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A Tangled Web

A Tangled Web

Author: Asym Bal

Our kite-flying evenings began with a bird call from two houses away. My brother and I would quickly close our schoolbooks, rush to the garden and respond with a chorus of urgent coo-ee’s. Hands cupped together, high-pitched, mimicking some English bird, we didn’t know which; just imitating what they did in the Robin Hood films we had seen.

Gagan and Sonu were waiting on their rooftop, watching as we vaulted our wall and that of a neighbour’s, and clambered up the swaying, termite-infested ladder that was an adventure unto itself. Gagan, the eldest, was the only one who could fly kites; the rest of us were appointed a chain of lesser tasks – holding the chakhri (the string-wheel) while the kite was in the air, holding the kite for launch, un-entangling the manjha (string) we had looted from other kites.

I remember the swoop and soar of the kite, the flutter of its paper in the wind, the sharp tug of its string on my index finger. I remember the panicked flutter of wings, the explosion of feathers, the cruel red slash of string into flesh – one evening, when a pigeon, tangled in our kite string, crashed onto the rooftop.

I’d like to think that was a tipping point for us. A broken bird led us four friends, founders and sole members of the imaginatively titled Best Friends Club, to solemnly swear never to fly kites again.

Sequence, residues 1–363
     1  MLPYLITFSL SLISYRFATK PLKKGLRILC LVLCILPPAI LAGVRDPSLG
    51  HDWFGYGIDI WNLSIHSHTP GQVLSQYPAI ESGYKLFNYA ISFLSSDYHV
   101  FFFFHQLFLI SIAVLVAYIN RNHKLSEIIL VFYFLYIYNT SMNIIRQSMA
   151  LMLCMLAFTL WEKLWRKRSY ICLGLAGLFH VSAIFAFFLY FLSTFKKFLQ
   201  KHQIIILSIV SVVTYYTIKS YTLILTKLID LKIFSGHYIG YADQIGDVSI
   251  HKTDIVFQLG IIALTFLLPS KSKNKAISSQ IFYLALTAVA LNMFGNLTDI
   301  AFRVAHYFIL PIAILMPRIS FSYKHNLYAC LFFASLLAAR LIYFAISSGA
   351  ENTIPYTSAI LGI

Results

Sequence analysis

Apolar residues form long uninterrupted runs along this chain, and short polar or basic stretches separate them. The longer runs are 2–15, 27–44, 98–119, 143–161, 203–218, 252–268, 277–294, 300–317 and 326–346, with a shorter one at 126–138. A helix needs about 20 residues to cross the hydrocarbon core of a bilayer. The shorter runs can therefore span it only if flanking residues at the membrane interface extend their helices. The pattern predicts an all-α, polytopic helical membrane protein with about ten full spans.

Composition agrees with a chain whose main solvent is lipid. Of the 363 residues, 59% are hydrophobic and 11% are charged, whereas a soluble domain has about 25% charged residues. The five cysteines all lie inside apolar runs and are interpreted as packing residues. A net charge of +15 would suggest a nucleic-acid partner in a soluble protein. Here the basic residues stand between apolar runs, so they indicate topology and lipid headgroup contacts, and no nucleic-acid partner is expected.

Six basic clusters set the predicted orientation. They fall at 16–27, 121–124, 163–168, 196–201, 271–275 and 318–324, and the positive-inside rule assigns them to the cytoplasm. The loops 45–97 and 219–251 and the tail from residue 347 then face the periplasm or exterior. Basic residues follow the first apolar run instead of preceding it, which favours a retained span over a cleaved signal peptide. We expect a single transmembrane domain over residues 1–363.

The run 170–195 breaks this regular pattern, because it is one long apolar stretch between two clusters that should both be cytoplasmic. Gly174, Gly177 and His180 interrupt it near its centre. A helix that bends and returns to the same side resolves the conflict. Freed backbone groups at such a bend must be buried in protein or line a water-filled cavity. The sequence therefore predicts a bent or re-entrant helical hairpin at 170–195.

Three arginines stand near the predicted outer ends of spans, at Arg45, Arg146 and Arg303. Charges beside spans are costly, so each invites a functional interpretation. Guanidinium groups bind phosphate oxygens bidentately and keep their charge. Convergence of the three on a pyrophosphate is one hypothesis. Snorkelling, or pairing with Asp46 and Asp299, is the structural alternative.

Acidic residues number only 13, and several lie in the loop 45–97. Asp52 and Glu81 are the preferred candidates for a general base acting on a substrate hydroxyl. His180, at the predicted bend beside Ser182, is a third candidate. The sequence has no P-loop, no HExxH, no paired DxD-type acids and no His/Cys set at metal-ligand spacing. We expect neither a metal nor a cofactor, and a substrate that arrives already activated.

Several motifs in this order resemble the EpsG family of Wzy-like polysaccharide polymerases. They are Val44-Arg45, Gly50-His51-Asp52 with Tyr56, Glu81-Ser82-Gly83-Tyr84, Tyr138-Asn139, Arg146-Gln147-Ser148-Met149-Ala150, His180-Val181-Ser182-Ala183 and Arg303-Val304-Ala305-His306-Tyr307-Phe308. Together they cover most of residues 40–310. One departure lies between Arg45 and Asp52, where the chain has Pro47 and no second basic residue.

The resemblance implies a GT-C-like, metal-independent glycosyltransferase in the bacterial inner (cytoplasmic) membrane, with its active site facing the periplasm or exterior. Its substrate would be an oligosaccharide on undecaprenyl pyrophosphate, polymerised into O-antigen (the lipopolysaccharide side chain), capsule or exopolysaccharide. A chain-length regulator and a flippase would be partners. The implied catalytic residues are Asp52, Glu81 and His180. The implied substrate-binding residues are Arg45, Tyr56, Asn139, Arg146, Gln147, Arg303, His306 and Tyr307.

About the Campaign:

Festivities and sportsDelhi’s fascination with kite flying was centred largely around Independence Day and has long since declined. In other parts of the country though, the ancient tradition holds firm – but what used to be a recreational activity, an expression of colour and freedom and the human fascination with non-powered flight, has in some regions evolved into a fiercely competitive sport.

Makar Sankranti, the traditional Indian harvest festival that usually falls on January 14, is an occasion for celebration. In Rajasthan and Gujarat, the festivities include kite flying; but what is supposed to be a celebration of rebirth in nature has turned these areas into killing fields for bird populations.

The growing use of glass-coated and in particular non-biodegradable Chinese manjha (string) – made of metallic/nylon yarn with an abrasive coat of crushed glass glued on to it – has made things worse, with thousands of birds being injured or killed around Makar Sankranti each year. Further, after the kite flying is done, tangles of sharp manjha are found on trees and lampposts: a hazard for birds and people alike. (Last January, a six-year-old girl died after her throat was cut by a line of kite string overhanging a road in Jaipur).

An injured kite being treated by volunteers of the NGO Raksha. Photo Courtesy: Raksha.


Fortunately, some agencies are willing to fight the good fight. The Jaipur-based NGO Raksha (www.raksha.org.in) and the Ahmedabad-based Jivdaya Charitable Trust (www.jivdayatrust.org) run free bird rescue, treatment and rehabilitation camps around Makar Sankranti. They also organise awareness campaigns. Raksha’s range of activities, for instance, includes bird safety presentations and talks in schools and colleges, street theatre performances, signature campaigns and pledges (see below), and even the mock funeral procession of a bird! IFAW-WTI has been supporting a number of such initiatives in Gujarat and Rajasthan.

While state authorities have stepped in to ban Chinese manjha and restrict kite flying during the hours that birds are most active, such measures can only be effective with the backing of local people. If you like to fly kites, or live in an area where kite flying is a serious hazard, step up and take the following pledge – and encourage others totake it too:

I will not fly kites with glass/metal coated manjha.

I will not fly kites from 6:00 a.m. to 8.00 a.m. and 5:00 p.m. to 7:00 p.m.

I will not turn a blind eye to an injured bird.


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